Biofuel to 100% replace 80 million barrels / day of oil?  Hard to see how this is a sustainable path.

      Blogging regularly at Get Energy Smart NOW! for a sustainable energy future.

      by A Siegel on Sat Oct 27, 2012 at 05:17:43 AM PDT

      [ Parent ]

  •  "I'm surprised this didn't come up in debates" (3+ / 0-)
    Recommended by:
    Burned, TJ, mightymouse

    Horseshit. The debate subject areas are predetermined by the campaigns. HE could have brought it up in debate. This is all such bullshit.

    Having said that, nice of him to say something about it to (who watches MTV anymore?).

    Even if I knew that tomorrow the world would go to pieces, I would still plant my apple tree. -Martin Luther

    by the fan man on Sat Oct 27, 2012 at 03:40:20 AM PDT

  •  What Silence?????? (0+ / 0-)

    Ya know, it's Very Obvious how Little people, especially those that say they support a certain party and in this case a certain sitting President, DON'T PAY ATTENTION!!!!!!!!!!!!!!!!!!!!!

    These so called diaries whining about, in this case the dead silence of this administration on 'climate change' show that folks here should actually start using this type of technology, and stop doing what the 'other side' doesn't do, and leave sites to actually read or research out topics!!

    I get reports almost daily on climate change and other subjects and often as to not only climate change they tie back to the government and this executive branch's support for or what they may be doing!!

    Instead of whining Pay Attention!!!!!!!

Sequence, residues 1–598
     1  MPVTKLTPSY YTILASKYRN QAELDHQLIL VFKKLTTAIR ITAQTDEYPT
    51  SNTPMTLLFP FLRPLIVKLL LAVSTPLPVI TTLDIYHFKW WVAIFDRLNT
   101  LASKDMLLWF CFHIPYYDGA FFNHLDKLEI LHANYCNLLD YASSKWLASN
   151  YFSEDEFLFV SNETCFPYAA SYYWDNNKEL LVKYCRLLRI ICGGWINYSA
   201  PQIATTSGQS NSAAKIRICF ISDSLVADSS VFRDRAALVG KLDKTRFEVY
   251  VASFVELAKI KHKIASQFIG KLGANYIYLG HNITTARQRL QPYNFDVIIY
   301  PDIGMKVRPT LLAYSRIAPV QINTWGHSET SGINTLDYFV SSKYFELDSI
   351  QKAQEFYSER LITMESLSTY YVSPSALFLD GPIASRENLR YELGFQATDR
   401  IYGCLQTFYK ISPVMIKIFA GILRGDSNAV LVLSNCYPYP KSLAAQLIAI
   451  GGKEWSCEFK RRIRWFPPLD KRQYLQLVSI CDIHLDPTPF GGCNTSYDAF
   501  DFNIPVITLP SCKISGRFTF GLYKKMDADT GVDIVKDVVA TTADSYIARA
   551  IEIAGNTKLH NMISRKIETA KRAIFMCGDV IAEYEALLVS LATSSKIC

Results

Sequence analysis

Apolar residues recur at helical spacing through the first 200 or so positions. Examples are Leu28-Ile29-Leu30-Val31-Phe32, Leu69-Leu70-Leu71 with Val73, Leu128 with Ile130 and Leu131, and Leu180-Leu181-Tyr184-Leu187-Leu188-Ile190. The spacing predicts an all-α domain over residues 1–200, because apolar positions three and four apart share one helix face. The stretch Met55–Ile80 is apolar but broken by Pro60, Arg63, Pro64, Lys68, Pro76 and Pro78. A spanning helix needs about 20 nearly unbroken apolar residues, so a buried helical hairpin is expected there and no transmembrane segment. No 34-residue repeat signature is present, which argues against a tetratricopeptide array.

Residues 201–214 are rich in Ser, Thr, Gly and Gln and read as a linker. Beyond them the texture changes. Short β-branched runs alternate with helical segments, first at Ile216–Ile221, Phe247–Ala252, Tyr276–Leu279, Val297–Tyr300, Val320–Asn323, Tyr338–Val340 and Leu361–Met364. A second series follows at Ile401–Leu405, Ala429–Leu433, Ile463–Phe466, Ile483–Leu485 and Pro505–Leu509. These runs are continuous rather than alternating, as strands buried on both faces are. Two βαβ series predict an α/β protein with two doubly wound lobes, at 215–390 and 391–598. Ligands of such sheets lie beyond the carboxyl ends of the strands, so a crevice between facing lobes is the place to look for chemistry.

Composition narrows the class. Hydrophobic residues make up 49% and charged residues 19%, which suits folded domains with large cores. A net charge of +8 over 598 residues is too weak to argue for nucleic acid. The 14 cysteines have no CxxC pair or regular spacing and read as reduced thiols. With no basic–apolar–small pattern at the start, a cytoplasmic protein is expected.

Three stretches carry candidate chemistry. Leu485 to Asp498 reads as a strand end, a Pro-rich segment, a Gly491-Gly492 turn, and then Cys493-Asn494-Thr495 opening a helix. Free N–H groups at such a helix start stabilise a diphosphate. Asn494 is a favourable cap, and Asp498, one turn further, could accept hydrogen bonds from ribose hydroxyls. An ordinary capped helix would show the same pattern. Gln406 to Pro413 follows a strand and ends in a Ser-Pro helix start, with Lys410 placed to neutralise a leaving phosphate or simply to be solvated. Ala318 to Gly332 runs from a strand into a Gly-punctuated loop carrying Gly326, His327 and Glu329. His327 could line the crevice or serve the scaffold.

Vets On FLOTUS and SLOTUS, "Best - Ever": "We haven't had this kind of visibility from the White House—ever." Joyce Raezer - Dec. 30, 2011

    by jimstaro on Sat Oct 27, 2012 at 03:45:44 AM PDT

    •  3 debates, not one question or answer hinting (3+ / 0-)
      Recommended by:
      Burned, TJ, mightymouse

      at the topic. How many campaign stops, how many interviews? That silence. instead we got a "who can drill more" answers to energy questions. The public was primed by this summer's drought and heat for big statements and action. This is not a dress rehearsal.

      Even if I knew that tomorrow the world would go to pieces, I would still plant my apple tree. -Martin Luther

      by the fan man on Sat Oct 27, 2012 at 03:54:26 AM PDT

      [ Parent ]

      •  Did you watch the Democratic National Convention? (0+ / 0-)

        You can't scare me, I'm sticking to the Union - Woody Guthrie

        by sewaneepat on Sat Oct 27, 2012 at 04:21:02 AM PDT

        [ Parent ]

        •  Note the term (0+ / 0-)

          "serious discussion".

          Blogging regularly at Get Energy Smart NOW! for a sustainable energy future.

          by A Siegel on Sat Oct 27, 2012 at 05:23:38 AM PDT

          [ Parent ]

          •  The comment I responded to said (1+ / 0-)
            Recommended by:
            A Siegel

            "not one question or answer hinting at the topic."  It did not say anything about a serious discussion, however, as I said in a previous comment in another diary:

            My gut feeling is that since the economy is such
            a high priority during this election, they did not want to be attacked for "putting the environment ahead of the economy" (and you know they would have been if they had addressed the issue in environmental terms.)

            Therefore, they addressed the issue but through the economic lens, rather than the environmental lens. So CAFE standards were discussed in how it would save you money (as well as cleaner air, I think he mentioned cleaner environment second) and green technology was talked about in terms of new good jobs. I think that was politically smart.